Morgann tells us that he is not writing for those who are so prejudiced that they cannot or will not change their minds in the face of the evidence. This is a subtle rhetorical move, for it predisposes you to change your mind in order to prove that you are not one of the incurably prejudiced. Nevertheless, I at any rate began at once to think of objections to Morgann’s thesis in order not to have to change my mind, which is always a painful thing to have to do. Nor should one give up one’s prejudices lightly, at the first sign of evidence to their contrary. Prejudices are like spouses, they should not be divorced at the first approach of trouble: though eventually complete incompatibility may necessitate divorce. Throughout his essay, for example, Morgann takes the statements of Falstaff and others much too literally, and does not consider that statements might sometimes be meant ironically rather than literally.

Morgann was by all accounts an amiable man and historically an important one: he was the British signatory of the peace with America. He also predicted future trouble in America with slavery, which he detested, and against which he wrote a strong pamphlet. But his Essay, by far his best-known work (which called forth a sarcastic response from Dr Johnson who said that he now looked forward to an essay proving that Iago was a good man), was written, according to the author himself, purely for the intellectual pleasure of proving something of no importance. He wrote it for his own and other people’s pleasure, and for no other reason.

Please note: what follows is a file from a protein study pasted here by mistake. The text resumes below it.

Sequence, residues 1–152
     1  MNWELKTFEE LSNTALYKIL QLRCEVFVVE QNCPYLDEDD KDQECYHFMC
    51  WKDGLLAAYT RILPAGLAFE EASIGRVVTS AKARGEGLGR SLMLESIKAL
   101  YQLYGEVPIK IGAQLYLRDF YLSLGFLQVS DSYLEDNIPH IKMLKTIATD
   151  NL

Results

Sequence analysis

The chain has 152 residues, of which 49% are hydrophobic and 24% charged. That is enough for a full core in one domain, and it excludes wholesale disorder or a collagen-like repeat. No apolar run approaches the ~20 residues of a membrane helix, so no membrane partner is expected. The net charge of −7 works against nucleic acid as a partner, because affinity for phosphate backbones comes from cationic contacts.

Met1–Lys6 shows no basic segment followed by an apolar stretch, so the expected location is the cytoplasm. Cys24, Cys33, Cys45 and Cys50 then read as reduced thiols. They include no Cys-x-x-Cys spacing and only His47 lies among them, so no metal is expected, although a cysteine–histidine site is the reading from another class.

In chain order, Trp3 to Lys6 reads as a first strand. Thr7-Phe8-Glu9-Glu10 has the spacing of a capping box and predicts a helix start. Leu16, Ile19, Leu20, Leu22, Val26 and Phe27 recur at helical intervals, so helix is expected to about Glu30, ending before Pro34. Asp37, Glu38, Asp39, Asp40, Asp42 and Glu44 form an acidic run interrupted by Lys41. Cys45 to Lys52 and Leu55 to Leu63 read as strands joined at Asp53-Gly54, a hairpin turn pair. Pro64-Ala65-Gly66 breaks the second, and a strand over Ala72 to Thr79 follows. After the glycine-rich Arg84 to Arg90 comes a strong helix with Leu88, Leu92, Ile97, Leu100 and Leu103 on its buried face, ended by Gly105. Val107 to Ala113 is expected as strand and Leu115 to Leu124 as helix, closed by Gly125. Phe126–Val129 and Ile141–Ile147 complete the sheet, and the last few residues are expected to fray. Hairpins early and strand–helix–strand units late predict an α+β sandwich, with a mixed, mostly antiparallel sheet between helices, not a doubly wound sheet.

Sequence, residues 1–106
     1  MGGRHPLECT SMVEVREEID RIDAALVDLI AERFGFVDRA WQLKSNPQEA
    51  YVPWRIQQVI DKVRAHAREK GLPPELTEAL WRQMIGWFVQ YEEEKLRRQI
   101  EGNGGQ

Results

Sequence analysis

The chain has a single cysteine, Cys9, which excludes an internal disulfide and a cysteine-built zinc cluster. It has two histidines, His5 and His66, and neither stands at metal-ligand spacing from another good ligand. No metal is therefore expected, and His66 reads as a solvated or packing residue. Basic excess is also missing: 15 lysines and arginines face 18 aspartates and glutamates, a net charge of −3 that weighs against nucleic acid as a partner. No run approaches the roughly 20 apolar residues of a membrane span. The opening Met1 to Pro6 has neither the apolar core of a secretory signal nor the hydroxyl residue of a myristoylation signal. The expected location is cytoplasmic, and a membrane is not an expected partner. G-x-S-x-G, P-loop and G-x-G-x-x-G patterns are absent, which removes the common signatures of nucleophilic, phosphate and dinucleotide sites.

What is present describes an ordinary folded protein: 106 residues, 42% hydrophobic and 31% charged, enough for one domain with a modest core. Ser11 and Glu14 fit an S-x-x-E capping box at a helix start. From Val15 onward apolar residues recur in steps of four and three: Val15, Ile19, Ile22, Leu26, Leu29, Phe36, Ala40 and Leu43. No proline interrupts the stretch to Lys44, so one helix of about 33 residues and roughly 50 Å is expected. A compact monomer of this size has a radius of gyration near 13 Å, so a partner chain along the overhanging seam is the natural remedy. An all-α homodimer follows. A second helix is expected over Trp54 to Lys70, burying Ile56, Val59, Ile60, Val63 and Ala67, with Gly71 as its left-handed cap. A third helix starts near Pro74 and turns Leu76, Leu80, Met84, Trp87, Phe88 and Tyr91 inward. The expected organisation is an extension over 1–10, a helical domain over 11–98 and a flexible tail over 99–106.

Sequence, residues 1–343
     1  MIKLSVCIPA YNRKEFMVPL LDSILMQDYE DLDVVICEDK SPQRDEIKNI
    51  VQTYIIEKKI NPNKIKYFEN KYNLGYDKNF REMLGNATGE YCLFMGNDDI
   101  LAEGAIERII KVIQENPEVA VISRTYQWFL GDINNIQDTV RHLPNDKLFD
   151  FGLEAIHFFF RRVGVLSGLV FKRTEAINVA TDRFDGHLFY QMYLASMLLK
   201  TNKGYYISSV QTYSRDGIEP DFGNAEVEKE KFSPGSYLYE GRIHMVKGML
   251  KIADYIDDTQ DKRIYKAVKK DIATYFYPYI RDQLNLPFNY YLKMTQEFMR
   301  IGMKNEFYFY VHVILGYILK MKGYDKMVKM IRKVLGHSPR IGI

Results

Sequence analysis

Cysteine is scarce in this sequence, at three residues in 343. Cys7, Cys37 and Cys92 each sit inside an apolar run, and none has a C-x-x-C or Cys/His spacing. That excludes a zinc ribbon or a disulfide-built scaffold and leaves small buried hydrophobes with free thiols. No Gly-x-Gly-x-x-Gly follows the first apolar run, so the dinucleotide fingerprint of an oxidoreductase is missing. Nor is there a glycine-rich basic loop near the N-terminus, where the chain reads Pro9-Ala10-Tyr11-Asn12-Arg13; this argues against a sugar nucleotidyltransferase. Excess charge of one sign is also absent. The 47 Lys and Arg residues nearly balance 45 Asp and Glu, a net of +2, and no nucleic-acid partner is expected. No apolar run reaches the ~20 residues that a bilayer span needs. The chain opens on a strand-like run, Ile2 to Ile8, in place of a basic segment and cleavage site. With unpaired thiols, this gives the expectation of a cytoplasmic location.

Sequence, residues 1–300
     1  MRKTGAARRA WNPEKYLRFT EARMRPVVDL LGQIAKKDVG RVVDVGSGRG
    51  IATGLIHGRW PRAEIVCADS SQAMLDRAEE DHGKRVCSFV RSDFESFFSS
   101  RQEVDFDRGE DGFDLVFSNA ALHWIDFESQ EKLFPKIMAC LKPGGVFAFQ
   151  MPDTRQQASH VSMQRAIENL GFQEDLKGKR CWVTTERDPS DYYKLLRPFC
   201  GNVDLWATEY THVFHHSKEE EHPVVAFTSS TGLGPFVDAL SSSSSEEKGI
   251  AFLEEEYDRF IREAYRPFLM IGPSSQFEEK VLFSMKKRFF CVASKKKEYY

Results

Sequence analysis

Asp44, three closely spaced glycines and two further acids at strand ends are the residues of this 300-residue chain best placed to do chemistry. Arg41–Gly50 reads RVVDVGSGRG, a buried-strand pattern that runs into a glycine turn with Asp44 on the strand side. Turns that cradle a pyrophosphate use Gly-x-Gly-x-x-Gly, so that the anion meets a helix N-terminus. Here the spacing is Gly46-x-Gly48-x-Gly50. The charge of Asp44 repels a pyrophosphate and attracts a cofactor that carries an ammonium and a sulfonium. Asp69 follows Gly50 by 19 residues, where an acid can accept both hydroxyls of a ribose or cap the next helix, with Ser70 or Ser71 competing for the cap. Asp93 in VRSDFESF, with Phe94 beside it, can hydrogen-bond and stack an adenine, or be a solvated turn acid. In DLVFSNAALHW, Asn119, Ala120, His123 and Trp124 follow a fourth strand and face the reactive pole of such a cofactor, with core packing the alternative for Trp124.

Actually, I think that here he was not being quite frank. Just as even the most cynical of hack journalists harbours the faint hope that a few of his pages might survive his death, so Morgann had a sneaking hope that his little book had more significance than he earlier claims for it. He finishes it as follows:

So… ends an Essay, on which the reader is left to bestow what character he pleases: an Essay, professing to treat of the courage of Falstaff, but extending itself to his whole character; to the arts and genius of his poetic maker, SHAKESPEARE; and through him sometimes, with ambitious aim, even to the principles of human nature.

I suspect that even the reporter of weddings for local newspapers secretly hopes as much. 



Theodore Dalrymple’s latest book is Threats of Pain and Ruin from New English Review Press.